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Mitel/Avaya: Contact Center Implications
I woke this morning to news of a Bloomberg report that Mitel has made Avaya an offer to create a combined company worth more than $5 billion (see related No Jitter post). One of my first thoughts was about what this could mean to cloud contact center player Talkdesk.
I understand if that’s not where most readers’ minds would go. I’ve been following the contact center market for nearly 30 years and it’s the lens through which I put most enterprise communications news. Let me lay out the reasoning that makes this, at least partially, a Talkdesk story.
In the past year or so, Mitel and Avaya have publicly reported staggering numbers of contact center agent seats — one million in the case of Mitel, five and a half million for Avaya. That’s nearly one-half of the approximately 13 million agent seats that remain on premises.
Both Avaya and Mitel have had limited traction moving predominantly premises-based customers to a modern cloud contact center solution. Avaya has had some success with private cloud solutions, most recently with OneCloud ReadyNow. Mitel’s recent forays into cloud contact center have included re-packaging a ShoreTel offering as MiVoice Connect Contact Center and an OEM agreement with Serenova for customers looking for stand-alone multitenant cloud contact center functionality.
Mitel made a bold contact center move in April, announcing that it would partner with Talkdesk not only to replace the existing Serenova OEM but to begin selling Talkdesk to existing customers running on-prem unified communications. Co-selling efforts began immediately, and the two companies announced plans to integrate Talkdesk with the Mitel UCaaS platform by the end of this year.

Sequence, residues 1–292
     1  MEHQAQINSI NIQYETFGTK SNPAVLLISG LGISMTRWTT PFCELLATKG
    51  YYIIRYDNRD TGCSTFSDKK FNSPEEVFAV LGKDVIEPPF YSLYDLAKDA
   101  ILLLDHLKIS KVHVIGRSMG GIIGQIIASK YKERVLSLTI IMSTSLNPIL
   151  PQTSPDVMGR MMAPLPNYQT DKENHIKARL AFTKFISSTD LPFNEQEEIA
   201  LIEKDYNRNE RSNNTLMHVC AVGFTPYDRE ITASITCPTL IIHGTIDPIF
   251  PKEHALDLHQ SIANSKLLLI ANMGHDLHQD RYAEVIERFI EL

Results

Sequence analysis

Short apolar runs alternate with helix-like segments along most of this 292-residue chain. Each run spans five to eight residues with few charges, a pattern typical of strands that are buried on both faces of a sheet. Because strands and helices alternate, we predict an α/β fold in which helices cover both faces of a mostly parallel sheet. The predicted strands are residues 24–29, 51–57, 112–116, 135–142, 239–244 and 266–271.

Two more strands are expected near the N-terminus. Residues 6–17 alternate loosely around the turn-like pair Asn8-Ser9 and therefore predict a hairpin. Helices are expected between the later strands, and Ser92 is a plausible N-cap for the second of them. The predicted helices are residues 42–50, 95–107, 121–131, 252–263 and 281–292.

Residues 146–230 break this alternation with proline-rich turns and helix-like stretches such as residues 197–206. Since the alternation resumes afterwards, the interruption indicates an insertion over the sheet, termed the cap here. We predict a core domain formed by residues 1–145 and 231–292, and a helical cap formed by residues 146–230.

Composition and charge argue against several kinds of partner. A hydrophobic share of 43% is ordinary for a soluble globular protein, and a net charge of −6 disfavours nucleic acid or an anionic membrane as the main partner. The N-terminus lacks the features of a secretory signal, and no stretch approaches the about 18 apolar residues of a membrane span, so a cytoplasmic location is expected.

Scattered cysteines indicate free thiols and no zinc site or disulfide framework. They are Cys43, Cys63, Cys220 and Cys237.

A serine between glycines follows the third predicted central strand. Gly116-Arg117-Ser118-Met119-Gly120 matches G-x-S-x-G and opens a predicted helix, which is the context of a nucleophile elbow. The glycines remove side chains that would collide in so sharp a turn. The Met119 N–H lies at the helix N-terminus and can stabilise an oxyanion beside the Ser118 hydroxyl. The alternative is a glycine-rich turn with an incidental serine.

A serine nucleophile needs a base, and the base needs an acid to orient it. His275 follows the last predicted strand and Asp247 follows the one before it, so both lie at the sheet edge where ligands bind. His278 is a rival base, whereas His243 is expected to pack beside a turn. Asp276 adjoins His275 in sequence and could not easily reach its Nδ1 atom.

I wrote about the Mitel-Talkdesk partnership in the post, “Mitel & Talkdesk: Next Big Thing in UCaaS/CCaaS?” My title seems prescient now. At the time, director of contact center solutions at Mitel, Matthew Clare, told me, “The goal is to offer our customers absolutely everything that Talkdesk has in their toolkit.” In the intervening four months, two Talkdesk product announcements become relevant in the context of Avaya/Mitel merger discussions. They are:
- Hybrid Spaces — In early June, No Jitter’s Beth Schultz described this offering as giving “contact center customers the ability to operate on Talkdesk’s cloud platform — benefitting from the processing and performance that comes with running in a public cloud — while meeting security, privacy, and compliance requirements by storing customer data in a private cloud.”
- Talkdesk Boost — Later in June, No Jitter blogger Zeus Kerravala, of ZK Research, described this as a hybrid architecture meant to enable businesses to modernize their contact centers by layering a number of AI-driven contact center applications on top of a legacy ACD.
What I see in both of these products, as well as in Talkdesk’s decision to build a workforce management solution, is a company preparing to win over larger and larger premises-based customers. The Hybrid Spaces and Boost solutions cater to the portion of the market Talkdesk understands won’t embrace the complete replacement route taken by small and medium-sized customers.
The perceived importance of a strong CCaaS offer to success in the UCaaS market has been evident in the recent moves by RingCentral and 8x8 to strengthen their CCaaS portfolios (often through acquisition) and executive teams. Multiple CCaaS vendors (Genesys, NICE inContact, and Five9 to name just a few) have had success selling into the Avaya contact center customer base for several years. They could face a new level of competition should Avaya/Mitel become a reality.
And while some might think that the contact center expertise Avaya would bring to the proposed merger would negate Mitel’s need for the Talkdesk partnership. I disagree. I think that Mitel made a thoughtful decision to choose a modern, microservices-based development partner in Talkdesk and that that would become the go-forward CCaaS offer for an Avaya/Mitel entity.